11 September 2007


Today was cloudy and rainy. In general, I don't do well in this sort of weather, especially as the days begin to get shorter. I end up staring into space a lot and, if I remain stationary for more than 10 minutes, I tend to fall asleep. Thus I didn't get as much work done today and I would have liked.

Today was also Claire's first full day of Kindergarten, which seemed to go smoothly, though tonight she was a bit more tired and grouchy than normal. Still, she seemed to enjoy her day and getting to know other kids. She's only one of ten kids in her class, which is a nice size and the teacher seems like an old pro.

In other news, my proposal for a Harry Potter course appears to have met with approval from my department chair, though we still need to decide on a class meeting time. Here's a portion of what I proposed:
I plan to use the seven books of the Harry Potter series by J.K. Rowling in order to stimulate discussion on philosophical topics.

The book series functions across a number of genres – boarding school literature, coming of age story, fantasy, quest, mystery, social and political parody. As such, the books take many of the features of our world and experience and highlight them, exaggerating certain features for effect or drawing attention to particular narrative threads and themes. Thus they prove a useful lens through which to engage real-world issues, including many that intersect importantly with philosophy.

The two primary areas of philosophical discussion generated by the books involve ethics and metaphysics.

In terms of ethics, the books raise questions of moral psychology (e.g., the nature of self-deception), virtue and vice (e.g., is ambition a virtue), ethical ambiguity (e.g., can a person be brave and good and yet be petty and vindictive), friendship and its analogues (e.g., how does common action among friends for good ends differ from allies in wrongdoing), the ethics of self-sacrifice, questions of politics and society, and so on.

In terms of metaphysics, the books raise questions of fiction in general (e.g., do fictional creatures in some sense exist), the nature of personal identity (e.g., can a fractured self maintain identity), the soul and post-mortem existence (e.g., if we can somehow survive death, what is it that survives), the character of science/technology over against alchemy, magic, hermeticism, and astrology, foreknowledge and freedom in relation to prophecy, and so on.

Philosophy instructors who have run similar courses at other schools report that using the books as the basis for discussion tends to attract students who are already interested, who want to talk about the books, whose imagination and attention engage readily with the material.

Tentative Texts:

Baggett, David and Shawn E. Klein, Harry Potter and Philosophy: If Aristote Ran Hogwarts (Open Court 2004).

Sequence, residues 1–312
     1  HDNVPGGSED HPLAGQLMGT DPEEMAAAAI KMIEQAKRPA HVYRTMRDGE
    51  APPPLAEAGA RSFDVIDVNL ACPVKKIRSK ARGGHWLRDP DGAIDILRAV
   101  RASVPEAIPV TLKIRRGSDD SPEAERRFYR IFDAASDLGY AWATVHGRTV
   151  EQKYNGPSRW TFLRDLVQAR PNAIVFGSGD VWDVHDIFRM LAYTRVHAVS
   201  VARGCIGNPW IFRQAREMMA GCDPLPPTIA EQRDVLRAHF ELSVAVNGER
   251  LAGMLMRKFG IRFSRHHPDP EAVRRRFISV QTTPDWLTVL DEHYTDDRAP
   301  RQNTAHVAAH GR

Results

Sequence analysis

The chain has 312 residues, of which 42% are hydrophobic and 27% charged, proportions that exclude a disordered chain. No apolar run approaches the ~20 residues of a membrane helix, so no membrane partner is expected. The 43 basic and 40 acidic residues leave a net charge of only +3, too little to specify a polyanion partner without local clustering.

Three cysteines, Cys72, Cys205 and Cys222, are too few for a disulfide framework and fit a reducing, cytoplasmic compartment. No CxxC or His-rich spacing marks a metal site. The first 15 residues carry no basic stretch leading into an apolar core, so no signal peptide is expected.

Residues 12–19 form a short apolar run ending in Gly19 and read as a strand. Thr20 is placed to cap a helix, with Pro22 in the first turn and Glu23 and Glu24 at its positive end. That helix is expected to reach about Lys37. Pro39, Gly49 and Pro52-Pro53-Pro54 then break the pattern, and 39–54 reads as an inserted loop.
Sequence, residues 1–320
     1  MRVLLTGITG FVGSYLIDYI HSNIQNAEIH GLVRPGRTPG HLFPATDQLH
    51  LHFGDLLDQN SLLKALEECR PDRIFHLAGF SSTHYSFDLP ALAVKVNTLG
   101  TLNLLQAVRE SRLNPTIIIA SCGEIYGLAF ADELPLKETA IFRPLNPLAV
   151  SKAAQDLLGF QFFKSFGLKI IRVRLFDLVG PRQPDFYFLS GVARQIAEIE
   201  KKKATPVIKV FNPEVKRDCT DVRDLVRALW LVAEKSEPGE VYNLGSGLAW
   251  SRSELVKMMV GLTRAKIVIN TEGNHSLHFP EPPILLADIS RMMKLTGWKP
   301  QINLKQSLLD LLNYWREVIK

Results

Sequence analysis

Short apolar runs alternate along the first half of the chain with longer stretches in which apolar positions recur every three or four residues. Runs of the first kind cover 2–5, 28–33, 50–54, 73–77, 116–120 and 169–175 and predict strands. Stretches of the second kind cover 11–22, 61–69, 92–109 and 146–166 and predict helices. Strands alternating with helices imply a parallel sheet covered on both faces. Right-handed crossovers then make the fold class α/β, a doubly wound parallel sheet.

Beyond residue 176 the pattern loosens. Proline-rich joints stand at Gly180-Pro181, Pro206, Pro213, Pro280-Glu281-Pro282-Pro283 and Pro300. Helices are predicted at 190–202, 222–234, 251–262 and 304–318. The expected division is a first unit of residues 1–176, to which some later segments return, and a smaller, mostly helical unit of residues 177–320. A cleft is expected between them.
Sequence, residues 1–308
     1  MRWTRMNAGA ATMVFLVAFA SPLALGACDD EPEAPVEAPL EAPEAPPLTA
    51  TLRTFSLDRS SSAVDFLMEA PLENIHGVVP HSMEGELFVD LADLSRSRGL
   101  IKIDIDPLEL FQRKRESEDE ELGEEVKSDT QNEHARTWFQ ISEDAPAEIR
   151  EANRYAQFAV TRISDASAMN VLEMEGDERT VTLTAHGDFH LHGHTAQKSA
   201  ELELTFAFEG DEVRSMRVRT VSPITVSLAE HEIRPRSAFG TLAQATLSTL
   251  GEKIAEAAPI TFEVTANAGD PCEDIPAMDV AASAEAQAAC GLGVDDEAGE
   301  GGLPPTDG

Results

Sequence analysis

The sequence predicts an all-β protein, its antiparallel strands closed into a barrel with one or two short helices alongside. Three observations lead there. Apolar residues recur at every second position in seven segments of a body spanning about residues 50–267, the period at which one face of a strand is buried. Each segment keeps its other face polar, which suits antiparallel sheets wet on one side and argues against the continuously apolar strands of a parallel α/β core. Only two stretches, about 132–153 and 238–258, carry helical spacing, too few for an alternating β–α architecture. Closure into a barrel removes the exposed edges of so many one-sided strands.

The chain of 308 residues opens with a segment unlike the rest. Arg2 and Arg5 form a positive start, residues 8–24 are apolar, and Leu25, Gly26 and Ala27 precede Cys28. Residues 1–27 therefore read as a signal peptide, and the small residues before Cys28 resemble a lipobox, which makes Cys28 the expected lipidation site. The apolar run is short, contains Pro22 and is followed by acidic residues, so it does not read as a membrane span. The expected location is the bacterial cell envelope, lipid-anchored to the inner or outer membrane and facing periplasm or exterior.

Baggett, David, “Love Potion #9¾: Vice, Volition, and Voldemort” (unpublished paper).

Chevalier, Noel, “The Liberty Tree and the Whomping Willow: Political Justice, Magical Science, and Harry Potter,” The Lion and the Unicorn 29 (2005) 397-415.

Granger, John, excerpts from Looking for God in Harry Potter (Saltriver 2006).

Gupta, Suman, excerpts from Re-Reading Harry Potter (Palgrave 2003).

Jacobsen, Ken, “Harry Potter and the Secular City: The Dialectical Religious Vision of J.K. Rowling,” Animus: A Philosophical Journal for Our Time 9 (2004).

Kern, Edmund M., excerpts from The Wisdom of Harry Potter (Prometheus 2003).

Linden, Stanton J., “Francis Bacon and Alchemy: The Reformation of Vulcan,” Journal of the History of Ideas, 35.4 (Oct - Dec 1974) 547-560.

MacNeil, William, “‘Kidlit’ as ‘Law-and-Lit’: Harry Potter and the Scales of Justice,” Law and Literature 14.3 (Autumn 2002) 545-64.

McFall, Lynne, “Inventing the Truth: Fiction As Moral Philosophy,” The Henry James Review 18.3 (Fall 1997) 217-222.

Schanoes, Veronica L., “Cruel Heroes and Treacherous Texts: Educating the Reader in Moral Complexity and Critical Reading…” in G.L. Anatol, ed., Reading Harry Potter: Critical Essays (Praeger 2003).

Van Inwagen, Peter, “Creatures of Fiction,” American Philosophical Quarterly 14 (1977) 299-308.
That list of texts is only tentative. I've also written to several folks asking if I might use papers they've presented at some recent conferences.

Now that the course is approved, I'm going to try to plan a couple of bonus events - perhaps ask John Granger (who is local) whether he might want to come to give a talk and talk to our campus programming center about scheduling a Wizard Rock concert (I talked to the Moaning Myrtles and they seem keen on the idea).

On this last point, there's a paper I'm hoping to include concerning the nature of Harry Potter fan fiction and other sorts of literary spin-offs. Also, if anyone with expertise in aesthetics and cultural studies is reading this, I'd be interested in any articles you could point me to that addresses how art (in this case a literary text) can be taken up by others in new works of art (fan fiction, visual art, music, poetry, etc.) within popular culture.

Well, now it's time for a glass of wine and watching an old 1960s episode of The Avengers.